The IT landscape is changing before our eyes. Accessing data, applications, and services from anywhere and exchanging that information with others has never been easier — but it’s also never been more fraught with security risks. All that power and access comes at a price, and remote devices, Internet of Things (IoT) endpoints, and Software as a Service (SaaS) solutions create a large target for attackers to attempt to hit.
That’s why the zero trust network access model was created. Zero trust is a security model that differs from more traditional approaches in one notable sense: it’s a security framework that requires all users — regardless of if they’re in or outside the organization’s network — to be authenticated, authorized, and continuously validated before being granted access to, or keeping access to applications and data.
For example, in a zero trust model, access will depend on an authorized user continually being visible to their camera; this prevents the scenario of the user getting up for a moment, only to leave an unauthorized user able to view their screen. The zero trust method breaks an organization’s IT infrastructure into small chunks guarded by verification checkpoints, ensuring that any security breaches are much easier to isolate.
Between the Biden administration calling for the zero trust security model to be implemented in governmental offices and more organizations and enterprises than ever moving toward this model to reduce risk, now is a good time to consider enacting it within your own organization. That said, there is a common misconception that it’s an inconvenient security measure — but if you and your security teams are concerned about convenience and access, there is an obvious solution: biometrics.
Biometrics and Zero Trust
To further combat the vulnerabilities zero trust attempts to safeguard, this security measure is focused on identifying users based on who they are, versus what they have (a key card) or know (a password). Doing this through biometric authentication can make a lot of sense; using a voiceprint or one’s face, palm, finger, or eyes as a security measure ensures that access cannot be stolen or used. Even if an employee gave away their credentials, someone else couldn’t access their systems.
Biometric integration into zero trust is also incredibly convenient. Because zero trust requires constant, least-privileged access controls, consistent verification for every single network asset you have permission to access — rather than a single login that gets you in through a network perimeter and thus grants access to everything — biometrics, including facial recognition, are a great way to deliver this constant verification.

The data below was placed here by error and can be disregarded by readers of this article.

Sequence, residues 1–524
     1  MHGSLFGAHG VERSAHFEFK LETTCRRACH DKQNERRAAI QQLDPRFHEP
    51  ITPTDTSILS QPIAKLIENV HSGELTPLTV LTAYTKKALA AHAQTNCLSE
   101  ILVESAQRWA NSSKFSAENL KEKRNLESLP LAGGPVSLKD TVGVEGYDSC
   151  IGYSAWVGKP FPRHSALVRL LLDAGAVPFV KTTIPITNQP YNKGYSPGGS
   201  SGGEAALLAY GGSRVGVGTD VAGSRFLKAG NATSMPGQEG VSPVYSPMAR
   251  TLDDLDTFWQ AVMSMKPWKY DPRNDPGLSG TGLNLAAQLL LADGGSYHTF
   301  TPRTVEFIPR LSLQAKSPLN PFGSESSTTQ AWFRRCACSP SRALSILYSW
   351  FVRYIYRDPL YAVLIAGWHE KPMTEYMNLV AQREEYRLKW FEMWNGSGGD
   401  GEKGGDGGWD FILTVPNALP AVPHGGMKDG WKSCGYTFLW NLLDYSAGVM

There are some people who disagree, however. A current privacy complaint against Apple in Europe alleges that the usage of biometrics is a violation of privacy, and if biometric databases are breached, that could lead to biometric data being exposed to bad actors.
These are valid concerns — after all, facial recognition only fights fraud if it’s deployed in a way that protects user privacy and doesn’t itself become a new source of data to steal. That’s why it’s essential to ensure that if facial recognition and biometrics become part of your zero trust implementation, it is implemented in a way that safeguards that adoption.
Implementing a zero trust security model can be a smart move for most organizations, but safeguarding biometric data like facial images is just as important. There are several guardrails your organization should put in place when it comes time to tackle this process.
Clear opt-in and opt-out procedures
Like it or not, there will always be people who are opposed to what they may perceive as a violation of privacy — and if you want to avoid the risks of legal action, make it clear early and often that participation in biometric data collection is not mandatory. For those who opt in, be extraordinarily transparent about what data is collected, how and when it’ll be used, and where it will be stored and secured.
Decentralized stored data sets
Storing biometric data in a secure way is paramount to implementing zero trust aided by biometrics. One of the most common and secure storage methods is the concept of decentralized biometrics, which entails storing data throughout a vast peer-to-peer network in the form of data fragments. This makes it virtually impossible for any hacker to assemble and access complete facial images.
While studies have found that biometric security implementations are, on average, 99% accurate, it’s still paramount that you check regularly and often to ensure your security measures are up to date and working well. Anything that isn’t performing adequately could be an access point for bad actors — or, at best, a pain point for employees.
Leveraging biometrics along with your organization’s implementation of zero trust security approaches is an excellent way to ensure the utmost confidence in your employees’ identity validation. Investing in this technology now can save countless man-hours, dollars, and frustrations in the long run — and fortunately, due to the popularity of this approach, there are plenty of tools on the market today to make that more feasible.